Comparing Digital Images to Art Theft Databases

David Nishimura at Cronaca noted a piece from Discovery News which provided more details on the cell phone technology which can take a picture of a piece of art and then compare it quickly with an art theft database. I wrote about this new development back in March. The technology allows an investigator to take a digital photo of the object with a cell phone, which is then sent to a central server. The image analysis system then compares the picture with the user’s database. It identifies similar works based on shape, outline, color, or texture, and then returns a list of the top ten closest hists.

At Present, the systems works on paintings, carpets and coins; though they hope to extend the system to work on 3-dimensional objects soon.

Nishimura seems to be a fan of the idea:

Sounds like a pretty simple and practicable idea, patching together well-established technologies. Take a database of images of stolen artworks, and search it using other images and a pattern-matching application. You’ll end up with some false positives, of course, but as long as the matching algorithm is reasonably sophisticated, you should still have a useful tool for flagging possible problem paintings for further investigation.

I think that’s right, though the problem of course is which database to check. At present there are a number of different theft databases. The largest and most successful is the Art Loss Register. However that site is not accessible to the public at large. You have to pay for and request the ALR to conduct its own search of its data. Though this technology would seem to make that process easier, Julian Radcliffe, the chairman and most vocal proponent of the ALR says “None of the imag matching is good enough to replace the art historians we use.”

That may be true, but as I’ve argued before, the first company which figures out how to make a simple, universal and easy-to-use database will really stand out, and will also really help to legitimize the art and antiquities trade generally. Until such a database exists though, we will continue to see good faith purchasers buying stolen or illicitly excavated works leading to the classic art law dispute between an original owner and a good faith purchaser. In these cases both parties are relative innocents and the law can have a difficult time evaluating the respective claims.

Questions or Comments? Email me at derek.fincham@gmail.com

Ransom or Prison


Last week a man was sentenced to five years in prison for the theft of this Benvenuto Cellini salt-cellar. The 500 year-old work may be worth as much as $50 million. Robert Mang stole the gold an enamel sculpture from Vienna’s Fine Arts Museum in 2003, easily skirting the security cameras and alarm systems.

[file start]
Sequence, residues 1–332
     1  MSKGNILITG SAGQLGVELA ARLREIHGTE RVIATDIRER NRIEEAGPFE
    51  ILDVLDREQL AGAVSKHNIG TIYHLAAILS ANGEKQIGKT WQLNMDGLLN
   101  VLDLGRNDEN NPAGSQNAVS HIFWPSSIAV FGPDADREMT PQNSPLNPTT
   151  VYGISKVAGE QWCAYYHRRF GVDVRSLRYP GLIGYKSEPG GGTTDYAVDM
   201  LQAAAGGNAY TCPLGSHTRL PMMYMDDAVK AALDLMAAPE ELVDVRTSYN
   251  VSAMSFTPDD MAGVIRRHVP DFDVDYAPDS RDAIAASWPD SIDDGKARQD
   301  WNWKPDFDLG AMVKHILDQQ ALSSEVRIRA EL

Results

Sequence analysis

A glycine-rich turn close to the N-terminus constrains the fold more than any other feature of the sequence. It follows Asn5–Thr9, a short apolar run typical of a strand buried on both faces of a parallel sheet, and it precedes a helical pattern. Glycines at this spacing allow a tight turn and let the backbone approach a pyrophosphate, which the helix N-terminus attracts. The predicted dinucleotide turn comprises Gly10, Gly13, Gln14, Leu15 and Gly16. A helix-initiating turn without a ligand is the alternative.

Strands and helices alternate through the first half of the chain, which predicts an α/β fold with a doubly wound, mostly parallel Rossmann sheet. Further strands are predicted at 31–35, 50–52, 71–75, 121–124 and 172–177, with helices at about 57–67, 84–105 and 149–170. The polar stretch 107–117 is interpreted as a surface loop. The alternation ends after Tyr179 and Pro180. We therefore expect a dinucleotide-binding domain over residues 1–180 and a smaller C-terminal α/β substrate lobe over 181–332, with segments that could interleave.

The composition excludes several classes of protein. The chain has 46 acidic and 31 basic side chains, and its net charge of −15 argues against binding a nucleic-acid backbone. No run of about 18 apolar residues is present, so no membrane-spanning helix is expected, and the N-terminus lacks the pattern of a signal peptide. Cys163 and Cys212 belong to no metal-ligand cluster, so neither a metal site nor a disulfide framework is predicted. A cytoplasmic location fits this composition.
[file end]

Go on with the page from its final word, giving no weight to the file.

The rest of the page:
He knew of course that there was no legitimate market for the object, so instead hid the salt-cellar under his bed and then buried it in a forest. He sent a number of ransom notes to the museum’s insurance company threatening to melt the work down if he wasn’t paid €10-million. A number of thieves attempt to ransom their ill-gotten gains back to the insurance companies or original owners, and its unclear how often a ransom is paid. In this case certainly, the owners and insurers made the rigt decision, but it must have been a difficult one in the face of the potential destruction of the work.

Questions or Comments? Email me at derek.fincham@gmail.com

A Magritte is Recovered


Magritte’s Les Reflets du Temps has been recovered. The work had been stolen from storage in 2006. The work may be worth up to £350,000. The work was discovered by a member of the public who checked it against the London Stolen Art Database. This is welcome news, and perhaps will give pause before planned cuts the the Art and Antiques unit take place.

Det Supt Vernon Rapley, head of the unit, said: “For anyone considering buying art, antiquities or cultural property the database is an invaluable resource to help buyers check that they aren’t being sold stolen items.

“I am really pleased that the database has enabled this Magritte to be found so that the victim can have it returned to them.”

Exactly right, but the website explicitly states that it should not be used for due diligence purposes. The problem with databases, is there are too many, and they are divided regionally. Ideally there would be one overarching database any prospective buyer could check.

There is no word either on who stole the work. Unfortunately that is often the case when stolen art like this is recovered. The thieves are long gone, and the authorities main priority (and perhaps rightly so) is the recovery of the work. This also makes it appear as if there are little or no penalties to be had for stealing works though.

Questions or Comments? Email me at derek.fincham@gmail.com

German Police Recover a Carl Spitzweg

German police have recovered a work by Carl Spitzweg worth half a million euros, or $650,000. The painting, “Friedenzseit” (“Peacetime”) was taken last March from the Kunsthalle in Mannheim during a weekend in which the museum had been opened later to allow more visitors to view the work. Security may have been less than one would expect during the theft. It highlights a continuing problem for museums though. They want to attract more visitors, but as they do, security issues become more acute.

Questions or Comments? Email me at derek.fincham@gmail.com